Duc d’Orleans sans pox scars.
By Gregory Arnott
special guest blogger
This week we are introduced to the enigmatic Duc d’Orleans, still the duc de Chartres at this point in history, Louis Phillipe -- twenty years from this point he’ll rename himself Philippe Égalité during the height of the Revolution. This is a more intimate portrait of the man as we see him privately dining, digesting, and casually abusing his power. (Also it is worth pointing out that at this point Fatima, Sigismundo’s favorite prostitute from Algiers, and three joints of beef have been described as formidable.) We’ll get to know more about d’Orleans and his role in Sigismundo’s fate soonish, most of this is in relation to the Duc’s role in the Grand Orient Lodge of Masonry- after the evens of the novel his son went to Austria leading to his father’s murder during the Reign of Terror. Although d’Orleans would never sit the French throne the son who caused his untimely demise would. Discussing Proofs of a Conspiracy de Selby makes a Johnsonian kick at Robison.
In Chapter 7 the theme of “merde” still runs strong form Chartres “inexorable chemistry,” to the stinking streets of Paris, to the “tough shit for him” reaction the commissaire has to authoring Sigismundo’s warrant. Born and bred betwixt piss and shit. Jeder, the messenger, hails from Rennes-le-Chateau, epicenter of all this Merovingian/Priory of Sion business.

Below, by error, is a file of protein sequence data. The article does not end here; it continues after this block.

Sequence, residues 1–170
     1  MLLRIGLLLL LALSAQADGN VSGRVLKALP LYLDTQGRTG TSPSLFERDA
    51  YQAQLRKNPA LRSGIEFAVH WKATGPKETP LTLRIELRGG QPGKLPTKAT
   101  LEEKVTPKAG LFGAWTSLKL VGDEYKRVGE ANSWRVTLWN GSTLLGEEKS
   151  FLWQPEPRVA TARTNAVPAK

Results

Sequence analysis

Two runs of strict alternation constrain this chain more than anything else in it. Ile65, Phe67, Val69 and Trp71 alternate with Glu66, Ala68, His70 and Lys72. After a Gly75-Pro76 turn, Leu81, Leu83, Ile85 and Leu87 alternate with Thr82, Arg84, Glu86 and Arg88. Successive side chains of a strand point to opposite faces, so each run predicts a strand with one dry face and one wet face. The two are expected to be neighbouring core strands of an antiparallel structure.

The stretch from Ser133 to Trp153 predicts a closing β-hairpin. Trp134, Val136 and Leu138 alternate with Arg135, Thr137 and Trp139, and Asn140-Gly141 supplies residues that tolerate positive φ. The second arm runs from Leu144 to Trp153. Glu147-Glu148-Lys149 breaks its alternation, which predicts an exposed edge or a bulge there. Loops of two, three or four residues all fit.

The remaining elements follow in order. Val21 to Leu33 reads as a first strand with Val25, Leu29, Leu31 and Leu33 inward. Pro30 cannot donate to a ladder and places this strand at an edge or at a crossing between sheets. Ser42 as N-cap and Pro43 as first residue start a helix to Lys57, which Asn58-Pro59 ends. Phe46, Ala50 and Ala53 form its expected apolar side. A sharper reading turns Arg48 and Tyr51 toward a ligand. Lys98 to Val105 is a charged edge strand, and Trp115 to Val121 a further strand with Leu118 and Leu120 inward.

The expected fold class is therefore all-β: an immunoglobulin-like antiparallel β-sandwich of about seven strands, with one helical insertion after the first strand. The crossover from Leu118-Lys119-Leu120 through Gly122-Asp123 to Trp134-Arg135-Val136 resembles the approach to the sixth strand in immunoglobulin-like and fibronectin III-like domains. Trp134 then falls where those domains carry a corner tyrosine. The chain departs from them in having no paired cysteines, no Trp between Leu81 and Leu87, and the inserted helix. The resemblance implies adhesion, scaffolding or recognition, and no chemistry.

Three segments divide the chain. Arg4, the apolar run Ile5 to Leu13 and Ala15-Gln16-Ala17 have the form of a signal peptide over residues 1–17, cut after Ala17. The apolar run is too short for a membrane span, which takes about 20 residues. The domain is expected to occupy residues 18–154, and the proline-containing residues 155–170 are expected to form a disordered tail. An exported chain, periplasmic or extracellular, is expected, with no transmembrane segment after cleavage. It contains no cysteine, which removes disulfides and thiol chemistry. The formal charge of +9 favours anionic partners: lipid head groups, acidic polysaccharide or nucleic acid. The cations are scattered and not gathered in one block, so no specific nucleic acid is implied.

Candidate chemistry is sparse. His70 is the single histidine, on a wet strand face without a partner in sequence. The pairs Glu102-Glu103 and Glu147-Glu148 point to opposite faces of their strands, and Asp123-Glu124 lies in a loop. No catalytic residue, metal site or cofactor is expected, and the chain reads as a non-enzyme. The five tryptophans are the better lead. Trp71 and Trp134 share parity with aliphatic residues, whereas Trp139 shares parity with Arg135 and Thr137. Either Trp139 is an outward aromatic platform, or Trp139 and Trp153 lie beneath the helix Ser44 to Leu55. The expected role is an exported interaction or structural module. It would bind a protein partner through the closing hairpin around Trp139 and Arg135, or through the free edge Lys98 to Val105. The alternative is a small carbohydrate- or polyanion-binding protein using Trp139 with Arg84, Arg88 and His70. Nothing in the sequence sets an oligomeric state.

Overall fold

The chapter also contains some more intimate portraits of three other characters- Louis XV and Sartines through the lens of the narrator and the Chevalier d’Eon through the befuddled mind of Sartines. Louis XV continues to remind me of current people in positions of power and seems like a very stable genius. Sartines begins to resemble one of Wilson’s “bad” cop characters; like Otto Waterhouse his role as enforcer is implied to be born of misplaced resentment. Though I would say that Sartines is a more interesting character than Waterhouse’s caricature.
“Everybody thinks somebody else is to blame for all of life’s little problems.”- RAW (pg. 56 Hilaritas edition) “Some people claim that there's a woman to blame/Now I think, hell it could be my fault.”-Jimmy Buffett
I first read about the Chevalier d’Eon in a rather lurid chapbook about the Hellfire Club by a guy named Daniel Mannix. Regrettably my copy is somewhere in my parents’ house so I can’t delve into what I remember to be some great descriptions. d’Eon has proven to be a more popular figure in recent years because of...an anime, I guess?...and because of their appeal to the transgender community. Since I don’t have my sensationalist history on hand, here is a good article about the Chevalier from Atlas Obscura that is worth reading.
An excerpt that gives some context to Sartine’s frustration with Louis’ approach to spycraft and d’Eon’s role:
“This traditional role, however, was just a cover: D’Eon was also tapped for another royal service—le Secret du Roi, or “King’s Secret”. The Secret was a network of spies and diplomatic agents established by Louis XV in the 1740s with the aim of putting his cousin, the Prince de Conti, on the Polish throne and turning the country into a French satellite. The Secret was so secret, it was hidden from and sometimes acted against the official French foreign ministry. D’Eon was charged with fostering good relations with the Russian court of the Empress Elizabeth and getting her behind installing Conti in Poland, as well as promoting France’s interests generally. Though d’Eon was competent, by all accounts hardworking, charming, and clever, the geopolitical reality was grim: That same year, France had entered what would become the Seven Years War with Britain.” (Linda Rodriguez McRobbie)